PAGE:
After lunch we managed to similarly avoid the not-so-tempting prospects of a sugar overdose in the form of a Barbie:

    That night, back in Leuven, we & half the students at KU dined at a popular local eatery called Wok on Air . . . serving, you guessed it, noodles & stir fry, complete with bottles of Sri Racha on every table. So much for your stereotypes of "Belgian" food. Cheap, fresh & tasty, the veggie-noodle combo topped with a generous slab of quick fried white fish lasted two complete meals.

    Day 2: We drove over to nearby Antwerp, an emerging fashion hotspot. The architecture mirrored in the Grote Markt that in the Grote Markt/Grand Place of Brussels but the sky was blue and the square was filled with a lively flower market rather than tourists like us.

    I inadvertently lead my party on a wild goose chase in search of a particular French cafe in a charming old house, only to find we'd vastly overshot the distance (and our own willingness to retrace our steps in search of the elusive cafe). We happily happened upon a cute little broojes shop in lieu & ended up quite happy with the mistake. I had a broojes (broach-es), a cute little sandwich in a roll with some kind of meat and cheese filling. Mine had chevre, smoked salmon & watercress. Yum!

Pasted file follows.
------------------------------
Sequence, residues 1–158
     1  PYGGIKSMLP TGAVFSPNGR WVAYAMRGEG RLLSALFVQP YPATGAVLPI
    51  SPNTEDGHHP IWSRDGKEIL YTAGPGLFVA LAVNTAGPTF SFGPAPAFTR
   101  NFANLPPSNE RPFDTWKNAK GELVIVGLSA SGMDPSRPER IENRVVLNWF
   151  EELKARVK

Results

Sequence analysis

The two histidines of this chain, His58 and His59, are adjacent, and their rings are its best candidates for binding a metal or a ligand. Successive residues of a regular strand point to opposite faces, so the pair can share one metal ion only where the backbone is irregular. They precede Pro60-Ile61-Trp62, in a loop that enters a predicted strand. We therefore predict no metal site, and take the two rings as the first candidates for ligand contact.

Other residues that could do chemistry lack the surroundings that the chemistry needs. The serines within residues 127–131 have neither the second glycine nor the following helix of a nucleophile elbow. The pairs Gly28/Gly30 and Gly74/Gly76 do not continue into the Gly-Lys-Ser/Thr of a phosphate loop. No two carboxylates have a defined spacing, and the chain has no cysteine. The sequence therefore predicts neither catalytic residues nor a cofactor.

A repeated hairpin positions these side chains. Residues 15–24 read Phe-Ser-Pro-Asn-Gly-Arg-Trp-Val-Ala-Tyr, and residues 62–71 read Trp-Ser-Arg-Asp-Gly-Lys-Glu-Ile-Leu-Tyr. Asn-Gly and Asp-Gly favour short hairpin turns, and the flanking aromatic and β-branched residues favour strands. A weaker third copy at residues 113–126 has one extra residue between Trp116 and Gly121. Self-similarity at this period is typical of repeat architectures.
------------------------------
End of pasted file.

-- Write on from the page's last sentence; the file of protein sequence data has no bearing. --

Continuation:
We then went on a second wild goose chase, this time not of my making, down the lovely narrow streets of Antwerp, on the hunt for dessert.

    We had our "aha" moment with apple pie. Worth waiting for? I think so.

    Finally, ended the day with a long bike ride over the river & through the woods of KU's gloriously peaceful campus, falling leaves & empty on a Saturday night. Stopped in a lively little cafe with outdoor seating on an otherwise deserted square.

    Enjoyed a lavendar tea & a bowl of tomato soup, which came with brown-bagged fresh bread:

    When in Rome . . . ended the day with a delightful glass of Chimay, a Trappist-monk made beer & a luxury in which I rarely indulge in back home:

    Monday, November 3, 2008

    Food for Lazy People

    The Faux Gourmet Wants to Know: What's your favorite thing to put in a tortilla? Please leave your comments below!

    It has been a while since I've done a really good Faux Gourmet recipe, and by good, I mean instructions for making food that are so simple, you wonder why I get to call it a recipe. Well, because I made it up and you didn't. But if you want to make up some 'recipes' of your own & post them below, more power to you. The Faux Gourmet supports people power, especially on the first Tuesday of November.

    My friend J swears by tortilla snacks and I like to think I am responsible. I extol the virtues of tortilla eating only lightly less regularly than I extol the virtues of celery eating, which is often. They're so wonderful.
    You can keep them indefinitely in the freezer, which makes them a great "I'm not sure if I'm really going to cook anything" investment. They're cheap. Even "Tumaro's Tortillas," which Men's Health Magazine voted the best gourmet tortillas in America (um, men vote on that?) are about 35 cents a tortilla. Bite the bullet, baby.